A discounted parking rate is available. See Humanities Center staff at event for details.
Write ON Chicago is a free pop-up creative writing event inviting you to document your Chicago-based memories by completing the phrase “HERE is where________.”
Participants will write their mini-memoirs on sticky notes and affix them to one of our large city maps, helping us create a living portrait of this city of memory, reinvention, and dream.
HERE is where you received a life-changing phone call. HERE is where you lost your way on an unfamiliar street. HERE is where you made your life better, or worse. HERE is where you proposed to your beloved. HERE is where you entered or exited the train. HERE is where you cleaned up a mess and made yourself at home.
• ACCORDION MUSIC by Chicago theater artist Ruth Margraff.
• READINGS of brand new flash memoirs by Chicago writing students, on the topic of BECOMING.
• RECITATIONS of moments of wonder from CLASSIC CHICAGO LITERATURE.
• Free Chicago-made CANDY and Chicago-made LITERARY MAGAZINES.
AVAILABLE at this event for the FIRST TIME EVER is the premier publication in our new print series Slag Glass City Miniatures: Big Cities. Little Books. This first edition is called IT IS NOT WASTE ALL THIS (after the title of an essay in the compilation by Chicago author Kathleen Rooney). The book is itty, bitty, and pretty. Come get yours!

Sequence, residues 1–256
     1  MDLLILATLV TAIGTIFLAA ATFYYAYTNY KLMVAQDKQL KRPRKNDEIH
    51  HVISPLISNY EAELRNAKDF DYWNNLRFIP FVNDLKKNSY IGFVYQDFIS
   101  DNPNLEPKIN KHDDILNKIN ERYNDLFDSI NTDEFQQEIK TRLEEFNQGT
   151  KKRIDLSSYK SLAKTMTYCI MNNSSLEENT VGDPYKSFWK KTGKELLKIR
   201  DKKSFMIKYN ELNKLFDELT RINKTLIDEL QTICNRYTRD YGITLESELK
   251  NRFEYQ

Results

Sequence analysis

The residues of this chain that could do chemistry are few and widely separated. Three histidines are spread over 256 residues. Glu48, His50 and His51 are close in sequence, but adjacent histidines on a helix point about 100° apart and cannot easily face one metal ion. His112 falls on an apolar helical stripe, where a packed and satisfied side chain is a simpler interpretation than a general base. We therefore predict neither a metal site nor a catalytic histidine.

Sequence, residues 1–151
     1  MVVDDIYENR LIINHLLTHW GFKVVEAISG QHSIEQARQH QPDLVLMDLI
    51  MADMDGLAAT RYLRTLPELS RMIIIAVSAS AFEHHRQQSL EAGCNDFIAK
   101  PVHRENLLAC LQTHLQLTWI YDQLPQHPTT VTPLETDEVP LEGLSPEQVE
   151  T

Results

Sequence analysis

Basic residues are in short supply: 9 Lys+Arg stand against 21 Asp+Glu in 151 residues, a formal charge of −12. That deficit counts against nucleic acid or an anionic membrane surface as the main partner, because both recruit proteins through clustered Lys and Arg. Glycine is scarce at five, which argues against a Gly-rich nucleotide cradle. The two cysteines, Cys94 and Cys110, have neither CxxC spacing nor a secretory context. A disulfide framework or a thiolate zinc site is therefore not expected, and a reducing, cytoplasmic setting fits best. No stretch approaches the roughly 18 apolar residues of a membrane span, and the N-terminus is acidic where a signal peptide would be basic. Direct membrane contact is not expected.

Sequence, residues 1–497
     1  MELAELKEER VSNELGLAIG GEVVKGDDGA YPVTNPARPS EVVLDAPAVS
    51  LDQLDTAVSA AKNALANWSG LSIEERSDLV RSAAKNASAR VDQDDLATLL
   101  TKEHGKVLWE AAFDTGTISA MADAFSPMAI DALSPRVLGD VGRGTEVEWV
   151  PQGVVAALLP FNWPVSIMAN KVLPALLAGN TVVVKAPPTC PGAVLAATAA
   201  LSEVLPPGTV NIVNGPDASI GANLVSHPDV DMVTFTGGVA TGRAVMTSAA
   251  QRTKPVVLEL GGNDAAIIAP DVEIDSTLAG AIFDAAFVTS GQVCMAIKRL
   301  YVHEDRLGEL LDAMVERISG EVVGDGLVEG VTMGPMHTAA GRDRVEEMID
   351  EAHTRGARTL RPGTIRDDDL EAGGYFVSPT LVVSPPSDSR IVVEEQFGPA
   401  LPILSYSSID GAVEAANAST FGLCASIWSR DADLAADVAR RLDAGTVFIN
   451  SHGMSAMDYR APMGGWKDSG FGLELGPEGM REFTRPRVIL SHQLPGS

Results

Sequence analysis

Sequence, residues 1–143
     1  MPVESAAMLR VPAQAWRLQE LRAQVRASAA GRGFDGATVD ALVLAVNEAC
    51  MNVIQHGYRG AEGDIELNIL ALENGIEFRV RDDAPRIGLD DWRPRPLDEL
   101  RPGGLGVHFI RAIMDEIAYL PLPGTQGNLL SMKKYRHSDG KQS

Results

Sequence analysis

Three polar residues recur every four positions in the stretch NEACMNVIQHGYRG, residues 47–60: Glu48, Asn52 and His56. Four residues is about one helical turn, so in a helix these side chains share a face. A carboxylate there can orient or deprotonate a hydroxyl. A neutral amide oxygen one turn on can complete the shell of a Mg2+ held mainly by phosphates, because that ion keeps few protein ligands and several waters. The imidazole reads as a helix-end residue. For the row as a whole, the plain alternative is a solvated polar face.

Write ON Chicago urges us to consider the vital role city spaces play in our lives—open or dense, green or concrete, struggling or thriving, and everything in-between. By humanizing the city map with our stories, we hope to reveal ways our city might at once persevere and be remade.
THE COMFORT STATION—an historic municipal building re-purposed as an art gallery and performance space—is located right off Logan Square and easily accessible from the #74 Fullerton bus, the #76 Diversey bus, and the #56 Milwaukee bus, as well as the Logan Square Blue Line stop, and the event is happening during the weekly farmer’s market on Logan Boulevard.
Support for this event comes from the DePaul University Department of English and the DePaul Humanities Center.
Please join the DePaul Humanities Center and the Office of the Dean of the College of Liberal Arts and Social Sciences for a special event investigating the future of the humanities.